Danny Diaz’s haircut is parted in the middle and swooping on the sides. It’s a classic ’90s butt cut — think Leonardo DiCaprio, Devon Sawa and Nick Carter — but Diaz was born in 2004, and he’s never heard of that hairstyle.
If you’re young and online, like Diaz, 15, you probably know it as the “eboy cut.” An eboy is, essentially, a Gen Z emo kid. He can be found listening to Brockhampton or Billie Eilish and wearing oversized outfits accessorized with chains, black fingernails and, of course, ear-length hair parted in the middle.
“Definitely not straight-up goth,” clarifies Josh Richards, a popular TikTok creator who just graduated from high school. “But close.”
The Haircut of Gen Z’s Hipsters
Eboys are popular on apps like TikTok and Instagram, where teenage influencers cultivate brooding, seemingly unbothered personalities. They’re an extension of the teen revolt against hyper-produced, filtered social media personalities. While not all eboys have middle-part haircuts, it’s become a go-to hairstyle for the new generation of hipsters.
Diaz, who lives in Miami, used to style his hair like 2009-era Justin Bieber, in swooping bangs that covered his forehead. His hair was constantly getting in his eyes. “I was tired of my hairstyle at the time. When I fixed my hair to the middle part, I really liked how it looked and all my friends were giving me good feedback.” And thus his eboy days began.
Part of that style is an intentional haphazardness. For the past decade, well-manicured hairstyles have reigned: Macklemore’s Hitler Youth hair, Jon Hamm’s Mad Men slickback and Drake’s fade, to name a few. The eboy is a rejection of expensive and time-consuming grooming.
“I used to rock a side part back in high school,” Gen Z model Kayden Hesketh says. After graduating, he moved to Italy and now works across Europe, appearing in Esquire Türkiye and walking in London Fashion Week. For a fresh look, Hesketh opted for a middle part.
Alongside Fila shoes and Champion sweatshirts, the butt cut is one of the many 1990s staples making a comeback among a generation who know it only on shows like Friends. “Because the whole ‘vintage’ trend has picked up with fashion influencers, brands are starting to drop back to that era,” Hesketh adds, citing Prada and Gucci’s recent ’90s-inspired campaigns. For him and other models who often have to change hairstyles for each runway show, it just makes sense to go for the versatile middle-part look. “I know a lot of models who just love to wear the hairstyle because it’s easy.”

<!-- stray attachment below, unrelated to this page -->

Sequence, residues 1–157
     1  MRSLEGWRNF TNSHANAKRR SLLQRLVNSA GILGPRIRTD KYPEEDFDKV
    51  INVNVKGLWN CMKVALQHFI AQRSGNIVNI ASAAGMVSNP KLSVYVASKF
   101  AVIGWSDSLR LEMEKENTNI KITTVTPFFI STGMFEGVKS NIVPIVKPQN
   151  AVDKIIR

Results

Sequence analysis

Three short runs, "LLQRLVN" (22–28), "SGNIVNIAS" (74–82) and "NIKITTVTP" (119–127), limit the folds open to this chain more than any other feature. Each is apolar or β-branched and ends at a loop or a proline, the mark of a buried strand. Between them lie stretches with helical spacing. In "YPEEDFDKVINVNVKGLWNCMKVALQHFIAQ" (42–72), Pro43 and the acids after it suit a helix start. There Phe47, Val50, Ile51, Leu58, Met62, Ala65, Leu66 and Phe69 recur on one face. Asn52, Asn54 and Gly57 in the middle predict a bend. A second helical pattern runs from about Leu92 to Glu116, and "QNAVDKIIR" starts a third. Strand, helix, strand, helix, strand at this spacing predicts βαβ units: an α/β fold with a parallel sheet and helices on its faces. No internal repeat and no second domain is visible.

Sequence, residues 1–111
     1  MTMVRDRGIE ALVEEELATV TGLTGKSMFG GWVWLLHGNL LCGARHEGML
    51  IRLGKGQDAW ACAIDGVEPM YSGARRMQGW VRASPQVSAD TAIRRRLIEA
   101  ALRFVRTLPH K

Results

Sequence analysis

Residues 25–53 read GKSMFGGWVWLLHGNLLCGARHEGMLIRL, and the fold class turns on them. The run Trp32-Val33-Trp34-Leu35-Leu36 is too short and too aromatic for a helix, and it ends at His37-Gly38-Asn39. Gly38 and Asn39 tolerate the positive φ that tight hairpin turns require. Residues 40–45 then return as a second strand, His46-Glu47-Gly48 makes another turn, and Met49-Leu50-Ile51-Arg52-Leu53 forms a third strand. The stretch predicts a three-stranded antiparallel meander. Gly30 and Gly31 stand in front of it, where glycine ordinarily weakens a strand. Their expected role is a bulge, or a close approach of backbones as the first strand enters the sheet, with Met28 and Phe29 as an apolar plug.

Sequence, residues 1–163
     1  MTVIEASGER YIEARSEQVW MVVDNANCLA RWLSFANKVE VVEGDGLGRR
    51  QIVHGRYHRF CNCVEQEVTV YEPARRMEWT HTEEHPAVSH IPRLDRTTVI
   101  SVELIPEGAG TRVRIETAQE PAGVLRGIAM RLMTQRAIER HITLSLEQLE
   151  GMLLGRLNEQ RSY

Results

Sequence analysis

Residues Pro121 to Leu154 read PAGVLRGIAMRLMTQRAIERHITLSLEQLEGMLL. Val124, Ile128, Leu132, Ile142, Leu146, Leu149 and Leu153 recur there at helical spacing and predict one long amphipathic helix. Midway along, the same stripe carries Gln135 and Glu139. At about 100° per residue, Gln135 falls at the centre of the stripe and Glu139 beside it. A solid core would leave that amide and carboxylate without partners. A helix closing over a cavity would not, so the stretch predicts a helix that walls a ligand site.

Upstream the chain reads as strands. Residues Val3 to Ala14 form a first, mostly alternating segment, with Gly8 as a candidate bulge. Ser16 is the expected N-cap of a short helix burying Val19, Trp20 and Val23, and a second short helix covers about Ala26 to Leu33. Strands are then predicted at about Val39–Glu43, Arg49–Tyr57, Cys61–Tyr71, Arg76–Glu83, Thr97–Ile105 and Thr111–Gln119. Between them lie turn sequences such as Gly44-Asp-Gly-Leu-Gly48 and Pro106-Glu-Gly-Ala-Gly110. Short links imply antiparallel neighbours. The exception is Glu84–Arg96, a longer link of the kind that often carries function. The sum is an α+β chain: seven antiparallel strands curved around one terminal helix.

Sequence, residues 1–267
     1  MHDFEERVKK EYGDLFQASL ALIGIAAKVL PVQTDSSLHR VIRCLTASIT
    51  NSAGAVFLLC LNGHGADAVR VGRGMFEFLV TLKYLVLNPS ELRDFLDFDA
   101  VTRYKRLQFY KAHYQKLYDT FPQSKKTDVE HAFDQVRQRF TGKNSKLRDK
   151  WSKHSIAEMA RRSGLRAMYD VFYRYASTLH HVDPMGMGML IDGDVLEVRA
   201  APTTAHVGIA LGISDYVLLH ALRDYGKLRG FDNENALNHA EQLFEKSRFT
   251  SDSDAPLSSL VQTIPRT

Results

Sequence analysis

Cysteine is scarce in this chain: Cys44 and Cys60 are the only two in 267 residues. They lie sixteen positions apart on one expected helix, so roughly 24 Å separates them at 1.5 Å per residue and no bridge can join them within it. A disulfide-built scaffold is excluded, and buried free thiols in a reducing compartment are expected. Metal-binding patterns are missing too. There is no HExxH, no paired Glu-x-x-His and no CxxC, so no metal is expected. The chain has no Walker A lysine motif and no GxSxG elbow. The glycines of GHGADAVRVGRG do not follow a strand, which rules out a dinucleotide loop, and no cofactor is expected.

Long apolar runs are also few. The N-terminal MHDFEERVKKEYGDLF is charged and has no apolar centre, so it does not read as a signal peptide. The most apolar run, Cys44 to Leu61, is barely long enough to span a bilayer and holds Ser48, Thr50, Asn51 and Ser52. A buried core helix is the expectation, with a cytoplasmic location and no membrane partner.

The Haircut of K-Pop Boy Bands
Today, the most popular celebrities to rock the eboy cut are members of the K-Pop band BTS. The boy band, alongside other K-Pop staples EXO and GOT7, all feature a few members with a middle-part hairstyle.
While the middle part is currently taking over TikTok, K-Pop acts like singer Chen of the boyband EXO have been rocking the cut since 2015. “You could say that he really revolutionized the middle-part hairstyle,” says Jessie, a 19-year-old K-Pop fan, who asked to remain anonymous because they keep their fandom separate from their personal life.
The growth of K-Pop stateside has inspired many fans to get the eboy cut. YouTuber Edward Zo’s hair naturally falls into a middle part. But for the six years he’s been on social media, the 24-year-old would only post pictures of his hair spiked up or in a pompadour. The middle part was “more of an ‘at-home’ look,” he says. Like many middle schoolers and teens in the 2000s, the style was never considered cool.
However, in the past few years, Zo has seen K-Pop stars help modernize the style stateside. So for the past few months, he’s decided to let his natural hair hang loose, which culminated in a middle-part hair care tutorial on YouTube. Not only did it save him time in the morning getting ready, but it’s also led to more Instagram followers. Zo notes his recent top posts mostly feature his hair in a middle part.
“I look at people who comment, ‘Oh my god the hair looks amazing,’” Zo says. “Whenever I click on their profile, you can tell that follower is into K-Pop and that whole aesthetic.”
Zo says the style still isn’t gone growing. As a budding actor in Los Angeles, he doesn’t see the look worn by other guys at Equinox or out at industry events. “I see it on Instagram, I see it in Urban Outfitters and I see it in K-Pop,” Zo says. “But I don’t see it in the mainstream.”
Kewei Du, a Gen Z TikTok influencer who goes by Bro Coke, is hoping to change that. “It’s just always been a dream since growing up,” Du says of getting the haircut. As a kid in Shanghai, he fell in love with K-Pop boy bands, ’90s Hong Kong street culture and the Backstreet Boys.
To make it his own, he dyed his hair bright orange but let his black roots show. Now, he gets compliments from friends, younger teens and even older generations on his haircut. “They would compare my hairstyle to different idols from different ages,” Du says. Like who? Jimin from BTS, Hong Kong actor Aaron Kwok and “the guy from Backstreet Boys” (Du doesn’t know which one). He’s happy with the compliments, especially when he’s compared to BTS; he’s a longtime fan. One day while recently out, he says, “I even had a guy literally Googling BTS’s photo in front of me.”
When I chat with Danny Diaz, I ask him to guess what a butt cut was. “Short on the sides, but the top of the middle parts where it’s like two curves,” he suggests. I show him a few examples: ’90s DiCaprio, the teenage actor Lincoln Jolly playing a year-2000 stud on PEN15, and my own editor, who rocked the butt cut as a seventh-grader in 1999.
“Oh,” Diaz says upon reflection. “So it’s basically a middle part.”